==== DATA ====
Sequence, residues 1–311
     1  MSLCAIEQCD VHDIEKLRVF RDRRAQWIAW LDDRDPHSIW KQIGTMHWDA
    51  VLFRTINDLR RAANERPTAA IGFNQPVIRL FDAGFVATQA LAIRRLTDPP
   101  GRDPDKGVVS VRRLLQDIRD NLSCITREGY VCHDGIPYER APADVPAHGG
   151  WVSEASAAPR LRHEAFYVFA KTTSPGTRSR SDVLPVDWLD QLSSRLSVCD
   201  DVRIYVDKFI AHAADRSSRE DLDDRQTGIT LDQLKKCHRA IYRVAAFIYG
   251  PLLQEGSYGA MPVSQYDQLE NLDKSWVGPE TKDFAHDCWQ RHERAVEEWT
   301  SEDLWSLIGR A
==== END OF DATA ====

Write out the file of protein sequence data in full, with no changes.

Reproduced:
Sequence, residues 1–311
     1  MSLCAIEQCD VHDIEKLRVF RDRRAQWIAW LDDRDPHSIW KQIGTMHWDA
    51  VLFRTINDLR RAANERPTAA IGFNQPVIRL FDAGFVATQA LAIRRLTDPP
   101  GRDPDKGVVS VRRLLQDIRD NLSCITREGY VCHDGIPYER APADVPAHGG
   151  WVSEASAAPR LRHEAFYVFA KTTSPGTRSR SDVLPVDWLD QLSSRLSVCD
   201  DVRIYVDKFI AHAADRSSRE DLDDRQTGIT LDQLKKCHRA IYRVAAFIYG
   251  PLLQEGSYGA MPVSQYDQLE NLDKSWVGPE TKDFAHDCWQ RHERAVEEWT
   301  SEDLWSLIGR A